Quick quiz: What’s the world’s tallest building?
At the moment, it’s the Burj Khalifa in Dubai, at 828 meters — and the building claims bragging rights about having the largest number of stories, highest outdoor observation deck, etc.
But in a couple of years, the tallest building will be located in another autocratic monarchy on the Arabian peninsula. The Jeddah Tower, under construction in Saudi Arabia, will be 1,000 meters tall, and the price tag to build it will exceed $1 billion.
Our research suggests that it’s no coincidence to find both of these two costly mega-structures in nondemocratic regimes. In a recent article in Political Research Quarterly, we discuss how autocratic leaders tend to spend more than democratic leaders on less productive projects. These projects are costly for wider society, but leaders prefer to spend the cash, for personal reasons.
Historically, grand castles, churches and temples have been typical examples of such leader-driven projects. The skyscraper, we argue, is a more recent example. The high projects costs often dictate the use of state funding or other policies to ensure the building can be completed. This means political elites often play a crucial role, in practice — particularly in autocratic countries. Financing expensive infrastructure projects, without obvious benefits for the wider population, is harder to do for leaders in democracies.
Using data on the construction of skyscrapers from across the world since 1900, we find systematic evidence that autocracies build more new skyscrapers than democracies. We also find autocracies build skyscrapers that are more wasteful. For example, autocracies systematically add more unoccupied, excessive footage on top of their skyscrapers than democracies.
Why do leaders pursue wasteful spending?
Here’s the big question: Why would leaders spend public resources on projects that cost more than the revenue they are expected to generate? One straightforward answer is that such projects can be in the leader’s own personal interest. Expensive palaces, for instance, yield obvious private gains for leaders, as they may serve as comfortable residences.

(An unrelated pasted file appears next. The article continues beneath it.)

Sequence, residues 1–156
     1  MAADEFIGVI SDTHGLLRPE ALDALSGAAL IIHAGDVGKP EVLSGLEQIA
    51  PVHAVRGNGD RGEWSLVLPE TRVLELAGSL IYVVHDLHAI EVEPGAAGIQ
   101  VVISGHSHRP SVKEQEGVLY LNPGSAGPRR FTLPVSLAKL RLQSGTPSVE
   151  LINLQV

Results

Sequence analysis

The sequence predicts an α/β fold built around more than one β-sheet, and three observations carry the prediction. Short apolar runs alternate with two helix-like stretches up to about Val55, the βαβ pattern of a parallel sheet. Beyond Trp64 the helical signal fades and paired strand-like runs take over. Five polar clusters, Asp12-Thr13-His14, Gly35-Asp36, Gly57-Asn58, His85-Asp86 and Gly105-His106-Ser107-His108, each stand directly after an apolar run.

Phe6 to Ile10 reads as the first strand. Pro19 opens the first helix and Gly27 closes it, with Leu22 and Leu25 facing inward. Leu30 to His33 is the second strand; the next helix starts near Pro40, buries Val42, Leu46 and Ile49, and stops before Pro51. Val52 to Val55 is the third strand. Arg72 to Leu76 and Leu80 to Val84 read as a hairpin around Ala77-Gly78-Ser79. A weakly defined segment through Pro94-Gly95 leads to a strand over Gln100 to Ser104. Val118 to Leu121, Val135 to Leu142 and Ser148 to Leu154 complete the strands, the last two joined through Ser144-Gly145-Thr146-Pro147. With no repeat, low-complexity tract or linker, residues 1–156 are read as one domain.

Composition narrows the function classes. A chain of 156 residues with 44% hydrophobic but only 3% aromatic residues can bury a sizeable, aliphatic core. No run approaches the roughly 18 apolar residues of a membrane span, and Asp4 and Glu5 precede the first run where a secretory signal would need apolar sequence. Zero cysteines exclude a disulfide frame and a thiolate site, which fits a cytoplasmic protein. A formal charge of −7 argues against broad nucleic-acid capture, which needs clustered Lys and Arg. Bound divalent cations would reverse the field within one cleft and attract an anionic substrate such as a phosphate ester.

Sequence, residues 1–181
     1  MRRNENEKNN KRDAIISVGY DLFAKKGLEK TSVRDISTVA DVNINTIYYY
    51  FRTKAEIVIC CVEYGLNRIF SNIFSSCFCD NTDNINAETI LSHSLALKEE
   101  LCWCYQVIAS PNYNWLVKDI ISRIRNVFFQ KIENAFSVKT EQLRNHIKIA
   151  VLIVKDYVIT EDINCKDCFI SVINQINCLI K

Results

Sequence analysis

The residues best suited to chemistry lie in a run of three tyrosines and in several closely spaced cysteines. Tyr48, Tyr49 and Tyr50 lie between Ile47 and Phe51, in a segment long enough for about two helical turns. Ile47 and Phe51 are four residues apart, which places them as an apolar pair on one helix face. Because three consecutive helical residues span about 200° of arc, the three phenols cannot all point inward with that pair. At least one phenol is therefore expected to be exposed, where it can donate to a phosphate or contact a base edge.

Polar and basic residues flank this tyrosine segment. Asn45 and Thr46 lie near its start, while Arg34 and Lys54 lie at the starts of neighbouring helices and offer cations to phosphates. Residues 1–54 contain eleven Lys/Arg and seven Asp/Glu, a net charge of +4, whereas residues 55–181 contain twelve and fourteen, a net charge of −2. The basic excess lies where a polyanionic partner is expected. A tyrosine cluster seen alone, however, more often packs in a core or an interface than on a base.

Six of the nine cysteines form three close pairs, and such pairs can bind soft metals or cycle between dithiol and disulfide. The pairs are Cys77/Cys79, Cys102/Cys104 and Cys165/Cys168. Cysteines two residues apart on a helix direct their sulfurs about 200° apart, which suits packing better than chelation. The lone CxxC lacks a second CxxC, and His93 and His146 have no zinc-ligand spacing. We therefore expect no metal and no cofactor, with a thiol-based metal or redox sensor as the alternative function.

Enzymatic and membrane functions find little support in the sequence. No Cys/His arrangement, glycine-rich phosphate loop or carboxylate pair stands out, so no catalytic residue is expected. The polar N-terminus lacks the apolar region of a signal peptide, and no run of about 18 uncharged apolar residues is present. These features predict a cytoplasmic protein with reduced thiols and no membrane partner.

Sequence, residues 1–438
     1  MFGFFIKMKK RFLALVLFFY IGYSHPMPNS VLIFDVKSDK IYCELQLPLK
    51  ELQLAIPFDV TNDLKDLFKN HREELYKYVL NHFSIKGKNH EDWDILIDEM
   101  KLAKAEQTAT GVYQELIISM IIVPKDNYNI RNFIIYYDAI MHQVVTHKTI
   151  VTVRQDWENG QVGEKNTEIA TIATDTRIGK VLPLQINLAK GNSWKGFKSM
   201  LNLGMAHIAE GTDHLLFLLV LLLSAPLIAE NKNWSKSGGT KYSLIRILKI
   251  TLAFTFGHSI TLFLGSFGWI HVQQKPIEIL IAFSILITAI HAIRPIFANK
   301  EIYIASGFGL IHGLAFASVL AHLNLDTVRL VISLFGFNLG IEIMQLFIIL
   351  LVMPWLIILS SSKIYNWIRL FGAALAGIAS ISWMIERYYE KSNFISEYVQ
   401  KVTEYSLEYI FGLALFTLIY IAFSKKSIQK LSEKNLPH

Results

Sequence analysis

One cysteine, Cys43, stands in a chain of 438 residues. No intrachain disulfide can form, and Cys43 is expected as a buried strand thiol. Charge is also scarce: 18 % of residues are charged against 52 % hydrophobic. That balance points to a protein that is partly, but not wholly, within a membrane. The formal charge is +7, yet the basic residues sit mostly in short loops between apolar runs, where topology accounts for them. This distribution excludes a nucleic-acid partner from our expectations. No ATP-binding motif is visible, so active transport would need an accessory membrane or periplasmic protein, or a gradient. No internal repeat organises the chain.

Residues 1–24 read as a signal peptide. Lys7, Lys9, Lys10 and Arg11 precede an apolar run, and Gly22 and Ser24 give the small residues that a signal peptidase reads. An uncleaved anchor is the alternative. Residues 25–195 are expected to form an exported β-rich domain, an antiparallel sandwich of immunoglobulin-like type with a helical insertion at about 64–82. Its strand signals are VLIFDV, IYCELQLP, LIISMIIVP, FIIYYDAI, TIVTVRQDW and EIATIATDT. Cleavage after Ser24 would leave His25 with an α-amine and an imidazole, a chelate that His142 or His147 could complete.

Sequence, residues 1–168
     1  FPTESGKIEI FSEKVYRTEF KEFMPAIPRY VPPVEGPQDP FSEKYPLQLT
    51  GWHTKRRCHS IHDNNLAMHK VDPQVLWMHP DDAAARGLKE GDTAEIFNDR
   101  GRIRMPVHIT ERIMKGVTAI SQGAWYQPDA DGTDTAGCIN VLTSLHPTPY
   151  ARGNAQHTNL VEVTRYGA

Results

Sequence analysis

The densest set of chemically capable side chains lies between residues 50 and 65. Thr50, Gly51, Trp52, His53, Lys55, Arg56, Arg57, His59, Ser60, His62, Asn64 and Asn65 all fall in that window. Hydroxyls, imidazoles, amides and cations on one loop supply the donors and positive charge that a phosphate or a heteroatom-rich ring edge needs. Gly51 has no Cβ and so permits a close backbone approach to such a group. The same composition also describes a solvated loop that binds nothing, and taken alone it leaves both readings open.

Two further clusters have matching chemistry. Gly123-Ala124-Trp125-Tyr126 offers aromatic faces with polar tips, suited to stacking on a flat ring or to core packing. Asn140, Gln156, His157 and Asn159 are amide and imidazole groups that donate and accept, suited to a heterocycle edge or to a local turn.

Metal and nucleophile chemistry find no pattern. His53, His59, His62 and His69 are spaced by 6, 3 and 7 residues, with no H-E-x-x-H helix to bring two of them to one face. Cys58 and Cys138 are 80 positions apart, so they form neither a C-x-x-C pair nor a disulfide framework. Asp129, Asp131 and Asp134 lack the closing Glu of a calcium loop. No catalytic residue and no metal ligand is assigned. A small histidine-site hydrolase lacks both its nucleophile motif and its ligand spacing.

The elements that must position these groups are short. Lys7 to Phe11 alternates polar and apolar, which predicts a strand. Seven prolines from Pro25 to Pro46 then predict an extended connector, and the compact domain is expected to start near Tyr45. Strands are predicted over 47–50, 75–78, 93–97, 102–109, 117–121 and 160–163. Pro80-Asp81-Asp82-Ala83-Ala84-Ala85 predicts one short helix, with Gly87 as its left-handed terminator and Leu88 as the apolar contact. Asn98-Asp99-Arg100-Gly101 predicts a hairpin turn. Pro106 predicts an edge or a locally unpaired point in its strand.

But extravagant buildings serve other political purposes, and can be symbols that shape the perceptions of both foreign and domestic rivals about the regime’s capabilities or affluence. A tall, striking skyscraper brings attention and status to a country — and, in extension, to its leadership.
Still, costly construction projects siphon away public resources that could go toward schools, hospitals or other needs. This becomes a critical point and helps explain why democracies tend to build fewer, and less wasteful, skyscrapers than autocracies.
In democracies with competitive elections, leaders may want to avoid wasteful spending, instead focusing on projects that have more popular appeal to voters — this helps governments stay in power. Independent media outlets may further strengthen this incentive, as they have freer rein in a democracy to uncover and spread information to citizens about excessive spending. In fact, our statistical analysis suggests a vigorous, free media is an important channel for mitigating wasteful skyscraper construction in democracies.